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Gay man who fled Chechnya for ‘normal life’ in France talks of his experiences

Gay man who fled Chechnya for ‘normal life’ in France talks of his experiences

An Amnesty International protest outside the Russian Embassy in Paris on Friday

A 26-year-old gay man who managed to escape Chechnya and who this week was granted an emergency visa to stay in France has opened up about his experiences.

Azmad (not his real name), spoke to AFP on the promise of anonymity.

‘If it becomes known, you are in danger, and so are those close to you. People are killed over rumors there,’ he said.

Russian independent newspaper Novaya Gazeta was the first to reveal that authorities in the country were arresting and detaining gay men in the Russian Muslim-majority region in March.

Human Rights Watch issued a 42-page report in late May, based on interviews with men who had been detained and released, detailing the ‘gruesome ordeal’ that they faced in Chechnya.

It said that between over 100 men had been arrested, with many tortured to reveal the names of other gay men. There mobile phone contacts and computers were also often trawled.

Some of them were electrocuted to give up names. Many were turned over to their families after being detained for days or weeks, and told that they had bought shame on their families.

At least three are thought to have died – one as a result of the treatment he received while being detained, and two at the hands of their families in so-called honor killings.

‘Gay people began to disappear’

Azmad said he at first managed to escape to Moscow, before being allowed to move to France last week, where he is now intending to seek asylum.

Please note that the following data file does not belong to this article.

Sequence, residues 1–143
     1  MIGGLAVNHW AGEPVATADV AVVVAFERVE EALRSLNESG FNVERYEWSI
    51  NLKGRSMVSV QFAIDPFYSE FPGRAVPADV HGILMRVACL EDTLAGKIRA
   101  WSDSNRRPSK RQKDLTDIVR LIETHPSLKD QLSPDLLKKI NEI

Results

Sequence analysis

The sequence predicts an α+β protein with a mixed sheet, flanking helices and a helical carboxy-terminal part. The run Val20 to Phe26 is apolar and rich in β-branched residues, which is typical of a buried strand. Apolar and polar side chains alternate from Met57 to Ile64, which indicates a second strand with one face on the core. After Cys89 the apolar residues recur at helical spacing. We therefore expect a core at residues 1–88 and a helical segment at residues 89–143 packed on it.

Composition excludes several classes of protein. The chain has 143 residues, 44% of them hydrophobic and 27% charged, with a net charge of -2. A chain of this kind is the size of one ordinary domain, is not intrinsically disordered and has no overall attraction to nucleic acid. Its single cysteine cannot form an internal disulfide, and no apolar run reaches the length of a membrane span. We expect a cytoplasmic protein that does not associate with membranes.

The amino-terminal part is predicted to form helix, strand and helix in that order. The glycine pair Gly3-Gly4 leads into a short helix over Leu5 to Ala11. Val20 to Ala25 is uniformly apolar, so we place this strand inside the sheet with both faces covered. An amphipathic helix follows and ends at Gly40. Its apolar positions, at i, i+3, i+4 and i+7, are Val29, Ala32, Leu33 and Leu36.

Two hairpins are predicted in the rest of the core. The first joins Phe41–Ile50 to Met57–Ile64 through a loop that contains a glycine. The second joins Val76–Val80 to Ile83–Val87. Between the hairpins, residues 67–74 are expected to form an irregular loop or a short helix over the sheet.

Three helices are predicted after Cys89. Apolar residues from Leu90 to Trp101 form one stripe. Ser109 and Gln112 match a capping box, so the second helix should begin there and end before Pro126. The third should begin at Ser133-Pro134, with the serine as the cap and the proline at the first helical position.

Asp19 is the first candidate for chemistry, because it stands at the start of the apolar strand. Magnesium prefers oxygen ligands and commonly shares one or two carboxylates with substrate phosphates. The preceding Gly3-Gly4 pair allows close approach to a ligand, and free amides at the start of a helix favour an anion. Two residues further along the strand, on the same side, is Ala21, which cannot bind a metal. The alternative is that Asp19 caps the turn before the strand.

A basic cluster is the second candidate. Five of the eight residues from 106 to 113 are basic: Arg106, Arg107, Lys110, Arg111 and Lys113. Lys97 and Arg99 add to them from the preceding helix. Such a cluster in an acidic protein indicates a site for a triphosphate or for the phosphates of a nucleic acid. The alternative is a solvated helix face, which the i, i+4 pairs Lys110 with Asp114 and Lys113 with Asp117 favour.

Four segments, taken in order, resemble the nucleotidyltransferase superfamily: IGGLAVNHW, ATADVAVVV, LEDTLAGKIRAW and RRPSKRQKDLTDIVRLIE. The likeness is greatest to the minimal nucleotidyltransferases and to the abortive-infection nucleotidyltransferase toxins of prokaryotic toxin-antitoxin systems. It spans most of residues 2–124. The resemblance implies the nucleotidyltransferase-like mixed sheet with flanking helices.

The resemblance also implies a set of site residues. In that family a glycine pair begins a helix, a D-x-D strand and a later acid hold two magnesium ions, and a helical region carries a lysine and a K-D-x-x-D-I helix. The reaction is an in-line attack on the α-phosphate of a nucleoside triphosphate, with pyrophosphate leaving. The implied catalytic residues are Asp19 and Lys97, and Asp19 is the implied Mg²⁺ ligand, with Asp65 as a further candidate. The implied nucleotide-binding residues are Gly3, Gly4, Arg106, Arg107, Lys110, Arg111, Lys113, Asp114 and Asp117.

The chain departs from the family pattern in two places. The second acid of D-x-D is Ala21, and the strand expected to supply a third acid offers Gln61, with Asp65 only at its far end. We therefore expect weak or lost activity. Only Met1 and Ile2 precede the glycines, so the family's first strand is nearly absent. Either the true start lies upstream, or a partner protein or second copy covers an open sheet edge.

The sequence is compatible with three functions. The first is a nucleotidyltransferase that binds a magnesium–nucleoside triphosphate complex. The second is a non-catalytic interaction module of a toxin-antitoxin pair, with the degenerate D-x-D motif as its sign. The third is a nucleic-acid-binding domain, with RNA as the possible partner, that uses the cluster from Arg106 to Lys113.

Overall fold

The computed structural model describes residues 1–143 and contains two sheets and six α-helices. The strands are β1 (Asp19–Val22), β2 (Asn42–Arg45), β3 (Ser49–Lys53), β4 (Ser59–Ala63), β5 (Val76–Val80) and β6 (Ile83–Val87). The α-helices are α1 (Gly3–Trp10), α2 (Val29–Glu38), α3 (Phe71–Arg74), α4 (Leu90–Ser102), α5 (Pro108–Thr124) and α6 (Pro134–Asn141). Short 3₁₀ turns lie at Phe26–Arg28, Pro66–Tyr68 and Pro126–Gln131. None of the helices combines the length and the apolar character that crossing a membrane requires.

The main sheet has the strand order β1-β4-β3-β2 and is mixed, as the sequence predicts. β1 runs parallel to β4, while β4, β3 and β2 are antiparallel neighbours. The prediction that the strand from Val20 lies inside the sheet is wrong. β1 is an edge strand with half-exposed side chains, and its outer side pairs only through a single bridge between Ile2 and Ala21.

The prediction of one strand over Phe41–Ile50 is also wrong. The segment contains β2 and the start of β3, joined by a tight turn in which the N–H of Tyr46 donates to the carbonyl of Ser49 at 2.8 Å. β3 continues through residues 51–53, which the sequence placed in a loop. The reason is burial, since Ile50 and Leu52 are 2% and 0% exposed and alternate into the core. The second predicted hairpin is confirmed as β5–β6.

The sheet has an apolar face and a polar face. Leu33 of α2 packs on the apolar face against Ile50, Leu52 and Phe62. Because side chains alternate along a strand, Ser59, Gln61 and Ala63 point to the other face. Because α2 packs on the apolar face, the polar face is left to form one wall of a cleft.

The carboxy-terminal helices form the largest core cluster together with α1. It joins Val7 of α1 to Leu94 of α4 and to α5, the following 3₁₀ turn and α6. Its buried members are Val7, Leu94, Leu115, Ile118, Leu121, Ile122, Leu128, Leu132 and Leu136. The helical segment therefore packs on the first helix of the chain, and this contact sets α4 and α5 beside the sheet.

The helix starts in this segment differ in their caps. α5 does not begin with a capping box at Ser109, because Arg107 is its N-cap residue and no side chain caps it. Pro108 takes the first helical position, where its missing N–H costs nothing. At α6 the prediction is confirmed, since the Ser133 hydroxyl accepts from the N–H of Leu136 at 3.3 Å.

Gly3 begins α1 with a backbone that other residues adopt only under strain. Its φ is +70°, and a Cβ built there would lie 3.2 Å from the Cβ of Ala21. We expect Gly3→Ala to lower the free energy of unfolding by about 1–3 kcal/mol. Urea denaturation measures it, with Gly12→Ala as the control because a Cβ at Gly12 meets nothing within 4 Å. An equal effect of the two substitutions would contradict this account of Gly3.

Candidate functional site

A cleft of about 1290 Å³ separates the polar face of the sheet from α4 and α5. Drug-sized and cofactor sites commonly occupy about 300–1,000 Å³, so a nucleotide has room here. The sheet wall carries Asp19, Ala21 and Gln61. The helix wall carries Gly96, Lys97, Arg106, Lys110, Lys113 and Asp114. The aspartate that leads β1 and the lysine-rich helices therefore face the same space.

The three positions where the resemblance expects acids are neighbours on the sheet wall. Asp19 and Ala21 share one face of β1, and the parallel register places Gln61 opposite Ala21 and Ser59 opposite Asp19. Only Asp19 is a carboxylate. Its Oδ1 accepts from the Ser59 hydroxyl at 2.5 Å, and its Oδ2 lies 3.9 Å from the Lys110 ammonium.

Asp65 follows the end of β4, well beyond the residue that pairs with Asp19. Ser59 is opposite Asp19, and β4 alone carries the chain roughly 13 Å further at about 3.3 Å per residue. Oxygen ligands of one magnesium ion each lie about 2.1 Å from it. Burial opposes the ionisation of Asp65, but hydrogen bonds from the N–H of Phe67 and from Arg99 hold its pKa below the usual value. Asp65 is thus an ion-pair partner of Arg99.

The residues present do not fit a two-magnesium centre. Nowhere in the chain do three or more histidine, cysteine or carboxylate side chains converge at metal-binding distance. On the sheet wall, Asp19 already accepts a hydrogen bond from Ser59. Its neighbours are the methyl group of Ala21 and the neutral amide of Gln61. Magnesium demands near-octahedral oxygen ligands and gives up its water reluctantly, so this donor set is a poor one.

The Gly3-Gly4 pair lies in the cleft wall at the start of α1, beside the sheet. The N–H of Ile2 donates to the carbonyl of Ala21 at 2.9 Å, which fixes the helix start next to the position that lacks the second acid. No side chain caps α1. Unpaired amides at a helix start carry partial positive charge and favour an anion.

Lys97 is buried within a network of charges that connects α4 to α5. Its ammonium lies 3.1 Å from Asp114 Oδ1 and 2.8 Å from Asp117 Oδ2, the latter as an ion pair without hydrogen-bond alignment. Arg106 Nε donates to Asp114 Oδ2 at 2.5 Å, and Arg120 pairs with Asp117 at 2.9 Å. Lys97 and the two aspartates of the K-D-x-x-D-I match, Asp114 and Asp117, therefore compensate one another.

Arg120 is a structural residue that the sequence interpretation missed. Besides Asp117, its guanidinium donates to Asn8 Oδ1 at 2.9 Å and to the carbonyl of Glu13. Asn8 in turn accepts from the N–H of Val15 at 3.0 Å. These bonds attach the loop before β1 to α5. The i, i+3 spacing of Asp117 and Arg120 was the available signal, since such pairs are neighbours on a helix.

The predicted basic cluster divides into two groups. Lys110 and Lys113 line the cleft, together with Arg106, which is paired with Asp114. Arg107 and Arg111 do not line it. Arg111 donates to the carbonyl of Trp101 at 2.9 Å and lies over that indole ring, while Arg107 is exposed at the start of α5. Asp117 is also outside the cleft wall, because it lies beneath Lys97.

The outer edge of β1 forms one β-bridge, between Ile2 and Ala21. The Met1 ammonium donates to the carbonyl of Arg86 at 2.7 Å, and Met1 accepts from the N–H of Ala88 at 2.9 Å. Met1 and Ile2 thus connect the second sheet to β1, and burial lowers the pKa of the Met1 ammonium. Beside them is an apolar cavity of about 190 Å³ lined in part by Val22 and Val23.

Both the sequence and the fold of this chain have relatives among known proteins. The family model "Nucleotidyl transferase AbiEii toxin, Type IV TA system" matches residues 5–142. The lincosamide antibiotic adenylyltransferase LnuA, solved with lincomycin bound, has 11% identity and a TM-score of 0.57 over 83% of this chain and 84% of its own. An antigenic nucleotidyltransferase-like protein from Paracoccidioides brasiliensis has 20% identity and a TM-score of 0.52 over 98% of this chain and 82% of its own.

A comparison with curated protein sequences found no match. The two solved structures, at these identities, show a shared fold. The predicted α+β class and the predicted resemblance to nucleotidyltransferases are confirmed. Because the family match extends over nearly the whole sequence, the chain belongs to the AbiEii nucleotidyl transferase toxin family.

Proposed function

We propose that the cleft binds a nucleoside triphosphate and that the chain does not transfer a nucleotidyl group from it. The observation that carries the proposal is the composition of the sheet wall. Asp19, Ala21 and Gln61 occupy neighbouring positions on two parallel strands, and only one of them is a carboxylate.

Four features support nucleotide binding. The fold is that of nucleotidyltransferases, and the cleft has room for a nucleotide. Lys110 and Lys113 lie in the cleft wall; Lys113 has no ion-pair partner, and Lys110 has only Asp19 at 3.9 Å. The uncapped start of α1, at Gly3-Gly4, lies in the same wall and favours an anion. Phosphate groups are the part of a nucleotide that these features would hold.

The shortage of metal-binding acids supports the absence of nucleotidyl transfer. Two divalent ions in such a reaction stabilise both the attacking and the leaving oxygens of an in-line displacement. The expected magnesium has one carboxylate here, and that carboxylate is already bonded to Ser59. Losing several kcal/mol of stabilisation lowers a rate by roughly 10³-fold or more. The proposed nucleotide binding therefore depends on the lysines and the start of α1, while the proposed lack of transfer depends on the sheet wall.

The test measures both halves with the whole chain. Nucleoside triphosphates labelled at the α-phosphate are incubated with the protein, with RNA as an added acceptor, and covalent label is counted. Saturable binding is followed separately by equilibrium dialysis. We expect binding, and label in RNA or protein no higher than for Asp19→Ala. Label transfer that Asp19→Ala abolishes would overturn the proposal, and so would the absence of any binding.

‘At home, I didn’t know calm and tranquility.’

He said gay people in Chechnya live in constant fear and that few take the risk of meeting up with others online. He spoke of one young man who was found naked and bound after being raped and then killed.

‘Gradually, gay people began to disappear. It was systematic.’

Azmad says that despite trying to be ‘very discreet’, a photo of him was found on someone’s phone. He was questioned, but it was a brief and non-violent interrogation.

A few days later, police came again and demanded he unlock his phone for them.

It was then he decided staying in the Chechnya was took risky for him.

‘It was going to be obvious who I am.’

‘Begin to live a normal life’

He managed to escape to Moscow, without telling anyone – including his family – why he was leaving.

After hiding in Moscow for two months, he was able to get an emergency humanitarian visa for France, with the help of SOS Homophobia and Chechnya Emergency – two groups working to help gay men in Chechnya.

Azmad says he now wants to try and rebuild a ‘normal life’ away from Chechnya.

‘I am going to try to forget … become a normal man, that is, begin to live a normal life, a life that normal people live.’

Chechen authorities have consistently denied that they are carrying out a purge of gay men. When first confronted with the reports in March, a spokesperson for Chechen leader Ramzan Kadyrov said they couldn’t be true because gay people did not exist in the region.

Governments worldwide have pressured Russia to investigate and bring criminal charges if they find evidence of wrongdoing. So far, Russia has said that it is unable to find any evidence of gay men being arrested and tortured.

Russian Foreign Affairs Minister Sergei Lavrov said Tuesday there were ‘no facts‘ to back up the reports.

On Friday, protests took place at several Russian embassies around the world to bring more pressure on Russia to act.

This included one organized by Amnesty International in France.

H/T: France24